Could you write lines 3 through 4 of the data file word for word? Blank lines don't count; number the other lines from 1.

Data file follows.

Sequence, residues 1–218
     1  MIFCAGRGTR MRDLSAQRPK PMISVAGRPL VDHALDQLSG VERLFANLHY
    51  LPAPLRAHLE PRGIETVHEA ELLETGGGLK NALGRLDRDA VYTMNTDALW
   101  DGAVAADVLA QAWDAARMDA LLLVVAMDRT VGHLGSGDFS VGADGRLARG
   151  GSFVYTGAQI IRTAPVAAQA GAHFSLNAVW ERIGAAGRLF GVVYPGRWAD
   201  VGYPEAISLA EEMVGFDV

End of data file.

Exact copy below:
    51  LPAPLRAHLE PRGIETVHEA ELLETGGGLK NALGRLDRDA VYTMNTDALW
   101  DGAVAADVLA QAWDAARMDA LLLVVAMDRT VGHLGSGDFS VGADGRLARG